Both Moscow and Ankara are pushing for the creation of four 'de-escalation zones' in Syria to end the civil war that has raged since 2011
Erdogan, Putin push 'de-escalation' zone in key Syria province
Russian President Vladimir Putin and Turkish counterpart Recep Tayyip Erdogan on Thursday agreed to push for the creation of a "de-escalation" zone in Syria's key northern province of Idlib to help end the civil war.
Mr Erdogan said after talks in Ankara that the pair agreed to "pursue more intensely" the implementation of a de-escalation zone in Idlib, which is currently under jihadist control, in comments echoed by Mr Putin.
Moscow and Ankara have proposed at peace talks in the Kazakh capital Astana the creation of four de-escalation zones in Syria to be patrolled by military observers, but the one in Idlib is by far the most significant.
Mr Putin said Russia and Turkey would work to "deepen coordination" on ending the over six-year civil war, adding the right conditions now existed for the conflict to end.
"De-facto, the necessary conditions have been created for the end of the fratricidal war in Syria, the final defeat of terrorists and the return of Syrians to a peaceful life and their homes," said Mr Putin.
Russia and Turkey would work "with the aim of deepening the coordination of our joint activity to solve the Syria crisis," he added.
The Russian leader said the work to implement the agreements made at the Astana peace talks has "not been easy" but the sides had already "succeeded in having a positive result".
Mr Erdogan said that the two sides had reaffirmed their determination to work closely and show a "joint will" to end the Syria conflict.
Turkey and Russia have been on opposing sides during the more than six years of war in Syria, with Russia the key backer of President Bashar Al Assad and Turkey supporting rebels seeking his ousting.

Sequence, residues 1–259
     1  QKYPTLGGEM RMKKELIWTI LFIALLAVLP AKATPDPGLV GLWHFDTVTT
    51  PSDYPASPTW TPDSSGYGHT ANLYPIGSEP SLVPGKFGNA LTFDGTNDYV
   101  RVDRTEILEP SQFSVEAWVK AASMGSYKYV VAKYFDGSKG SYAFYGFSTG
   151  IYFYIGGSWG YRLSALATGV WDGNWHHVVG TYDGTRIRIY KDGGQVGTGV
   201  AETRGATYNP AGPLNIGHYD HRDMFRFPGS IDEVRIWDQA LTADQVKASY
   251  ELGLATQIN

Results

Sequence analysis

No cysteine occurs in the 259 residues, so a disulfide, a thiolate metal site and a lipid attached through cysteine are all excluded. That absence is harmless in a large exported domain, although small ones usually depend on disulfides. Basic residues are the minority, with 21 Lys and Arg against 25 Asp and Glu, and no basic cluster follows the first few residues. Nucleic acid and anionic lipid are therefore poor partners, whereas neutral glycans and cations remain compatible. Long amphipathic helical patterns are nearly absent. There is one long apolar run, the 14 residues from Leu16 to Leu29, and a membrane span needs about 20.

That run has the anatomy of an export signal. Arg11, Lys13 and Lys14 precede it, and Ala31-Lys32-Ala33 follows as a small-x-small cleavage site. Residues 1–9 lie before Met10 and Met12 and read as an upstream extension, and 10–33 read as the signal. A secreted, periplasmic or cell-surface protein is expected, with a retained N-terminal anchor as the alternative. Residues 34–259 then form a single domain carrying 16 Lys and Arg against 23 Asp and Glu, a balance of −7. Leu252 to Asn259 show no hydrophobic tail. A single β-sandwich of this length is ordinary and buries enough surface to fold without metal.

But Ankara and Moscow have been working closely since a 2016 reconciliation ended a crisis caused by the shooting down of a Russian war plane over Syria.
"Russia and Turkey are cooperating very tightly," Mr Putin's spokesman Dmitry Peskov said ahead of the one-day working visit by Mr Putin to Ankara.
With Moscow's ally Mr Assad now having the upper hand in the conflict, Russia will be hoping Turkey will bring the rebels it has supported into the political process.
Turkey, a Nato member, has signed a deal reportedly worth $2 billion (Dh7.35bn) to buy S-400 air defence systems from Russia, a move that has shocked its allies in the alliance.
Economic cooperation is also beginning to flourish, with Russian tourists returning to Turkey and the two countries working on a Black Sea gas pipeline.
Yet analysts say that while both countries share an interest in seeking to discomfort the West by showing off close cooperation, their relationship falls well short of a sincere strategic alliance.
"Relations between Turkey and Russia may appear to be friendly, but they are loaded with contradictions and set to remain unstable in the near term," Pavel Baev and Kemal Kirisci of the Brookings Institution wrote in a study this month.
Russia's stance on the non-binding Kurdish independence vote is also troubling for Turkey, for whom opposing Kurdish statehood is a cornerstone of foreign policy due to its own Kurdish minority.
The Russian foreign ministry said on Wednesday that while Moscow supports the territorial integrity of Iraq, it "views the Kurds' national aspirations with respect".
"Russia has been trying to abstain from taking a clear stance on the issue and Turkey may be wanting to get some assurances and explanations," Timur Akhmetov, Ankara-based Turkey expert at the Russian International Affairs Council, said.
In public, Mr Erdogan has shied away from attacking Russia's stance on the Kurdish referendum, declaring that Israel was the only state that backed the poll.
However, he continues to insist that the Iraqi Kurdish independence referendum has no legitimacy.
In a statement after the talks with Mr Putin on Thursday, Mr Erdogan said the Kurdish Regional Government in northern Iraq must be prevented from making "bigger mistakes".
Deliveries of the S-400s, meanwhile, could be years away due to orders from China, while Ankara's insistence on a technology transfer as part of the deal may also create problems.
But both Moscow and Ankara are, for now, happy to send a message to the West that they are serious about defence cooperation.
"They are trying to utilise the issue of the S-400 for their respective political interests," Mr Akhmetov said.